Cirl bunting

Emberiza cirlus Linnaeus, 1766

Order: Passeriformes

Family: Emberizidae

New Zealand status: Introduced

Conservation status: Introduced and Naturalised

Geographical variation: New Zealand birds are assigned to the subspecies cirlus

Cirl bunting. Adult male, feeding on residential lawn. Tasman Bay,  Nelson, September 2014. Image © Rob Lynch by Rob Lynch

Cirl bunting. Adult male, feeding on residential lawn. Tasman Bay, Nelson, September 2014. Image © Rob Lynch by Rob Lynch

Cirl buntings are the least-known and most localised of New Zealand’s introduced song birds. They were introduced in small numbers from Britain between 1871 and 1880. Cirl buntings are largely birds of low rainfall areas, found mainly in farmland habitats with patches of scrub, hedgerows and scattered trees. The males are an attractive and boldly marked bird, whilst the females are comparatively drab and streaked. They feed on a diet of seeds and a wide variety of insects. They are  territorial and mostly sedentary, and do not associate a great deal with other bird species, except at a good food source.

Identification

Cirl buntings are roughly the size of a house sparrow. Males have a distinctive facial pattern: a black line runs through the eye, with yellow lines above and below it; there is a black bib on the throat with a yellow band beneath it. An olive-green band runs across the upper chest. In winter the plumage is duller due to the presence of buff tips which wear off by spring. Females and juveniles are brownish and streaked, with diagnostic pale horse-shoe shaped markings on the ear-coverts.

Voice: the male has a rattling song similar to part of a greenfinch song, repeated up to nine times per minute. A high-pitched contact call is uttered frequently between birds in pairs or small flocks, except while feeding. A loud chattering call is used during territorial disputes.

Similar species: the closely related yellowhammer is superficially similar, but both sexes show more yellow colouration, especially on the head. The rump is chestnut in both sexes, compared with olive-green in the cirl bunting.

Distribution and habitat

Cirl buntings are mainly found in low-rainfall regions of the eastern South Island. They require dry summers in order to breed successfully. Cirl buntings are widespread from the Marlborough Sounds south to Kaikoura, being most common in parts of the Awatere Valley. They are present at scattered sites in Canterbury, from Waiau south to Timaru. There are widespread records from coastal North Otago and Central Otago. Cirl buntings are also present in the Nelson region, with records from coastal Golden Bay and Motueka as well as from a number of sites closer to Nelson. Vagrants have been reported from Southland and the West Coast. In the North Island, cirl buntings are known to have been breeding regularly at two sites in Wellington since 1991. There are scattered records from Northland, Auckland, Gisborne, Hawke’s Bay, Manawatu and Wairarapa. Single birds or small flocks have been recorded from Stephens, Mana, Motuora and Waiheke Islands.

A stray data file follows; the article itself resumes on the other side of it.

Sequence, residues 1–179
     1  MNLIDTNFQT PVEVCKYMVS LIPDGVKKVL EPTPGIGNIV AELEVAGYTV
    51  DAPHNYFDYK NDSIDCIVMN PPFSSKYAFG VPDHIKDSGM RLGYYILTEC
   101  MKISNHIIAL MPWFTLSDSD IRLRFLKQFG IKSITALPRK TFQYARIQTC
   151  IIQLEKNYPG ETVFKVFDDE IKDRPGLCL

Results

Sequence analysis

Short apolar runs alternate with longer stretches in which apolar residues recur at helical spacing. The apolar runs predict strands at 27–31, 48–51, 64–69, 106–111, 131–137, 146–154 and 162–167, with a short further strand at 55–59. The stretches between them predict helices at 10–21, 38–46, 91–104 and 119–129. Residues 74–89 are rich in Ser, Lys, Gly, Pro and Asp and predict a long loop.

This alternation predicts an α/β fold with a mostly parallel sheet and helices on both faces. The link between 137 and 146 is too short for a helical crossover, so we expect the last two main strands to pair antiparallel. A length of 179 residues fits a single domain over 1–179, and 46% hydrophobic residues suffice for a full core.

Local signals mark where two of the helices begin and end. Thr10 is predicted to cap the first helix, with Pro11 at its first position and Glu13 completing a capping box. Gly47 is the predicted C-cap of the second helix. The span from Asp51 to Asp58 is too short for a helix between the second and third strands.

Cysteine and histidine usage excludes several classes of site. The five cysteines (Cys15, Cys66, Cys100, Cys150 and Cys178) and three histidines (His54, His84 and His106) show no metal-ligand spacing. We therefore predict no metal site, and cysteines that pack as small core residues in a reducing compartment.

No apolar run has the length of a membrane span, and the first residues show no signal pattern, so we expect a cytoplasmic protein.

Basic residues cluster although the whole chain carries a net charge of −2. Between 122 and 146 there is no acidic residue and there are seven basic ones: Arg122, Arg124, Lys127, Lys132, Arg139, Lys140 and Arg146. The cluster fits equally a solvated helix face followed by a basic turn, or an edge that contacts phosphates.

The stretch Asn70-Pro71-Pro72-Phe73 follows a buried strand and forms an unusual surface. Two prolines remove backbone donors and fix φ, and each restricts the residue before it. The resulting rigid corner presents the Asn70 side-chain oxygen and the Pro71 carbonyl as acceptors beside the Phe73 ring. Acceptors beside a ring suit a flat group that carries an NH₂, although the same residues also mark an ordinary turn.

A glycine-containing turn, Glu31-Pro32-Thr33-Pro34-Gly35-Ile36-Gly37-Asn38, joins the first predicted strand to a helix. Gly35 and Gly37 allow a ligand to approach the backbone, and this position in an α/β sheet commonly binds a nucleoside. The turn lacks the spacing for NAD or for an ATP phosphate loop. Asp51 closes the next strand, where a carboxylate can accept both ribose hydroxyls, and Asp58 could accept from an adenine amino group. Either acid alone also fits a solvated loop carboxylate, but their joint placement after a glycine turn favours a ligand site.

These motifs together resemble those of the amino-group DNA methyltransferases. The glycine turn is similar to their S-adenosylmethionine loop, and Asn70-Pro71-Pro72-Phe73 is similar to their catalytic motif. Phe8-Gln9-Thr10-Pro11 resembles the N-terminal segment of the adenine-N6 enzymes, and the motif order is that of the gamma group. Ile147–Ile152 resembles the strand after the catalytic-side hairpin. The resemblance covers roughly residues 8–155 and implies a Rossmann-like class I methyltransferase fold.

The natural range of the cirl bunting extends from south-west Britain south to the Mediterranean Sea and east to Yugoslavia, Greece and Turkey; also North Africa.

Cirl buntings have restricted habitat preferences compared to other songbirds introduced and established in New Zealand. They prefer dry open pastoral country with patches of scrub, scattered trees and hedgerows, where the grass is kept relatively short by the grazing of livestock. Cirl buntings have a particular liking for the lower slopes of hills, gullies in rolling country and river terraces with the above vegetation types.

Population

Cirl buntings are rare or absent from most of New Zealand, but are fairly common at a few favoured localities in the South Island. The total New Zealand population has been estimated at 2000 - 5000 birds.

Ecological and economic impacts

There are no reported economic or ecological impacts from this species; nor are any likely, as the population size is small.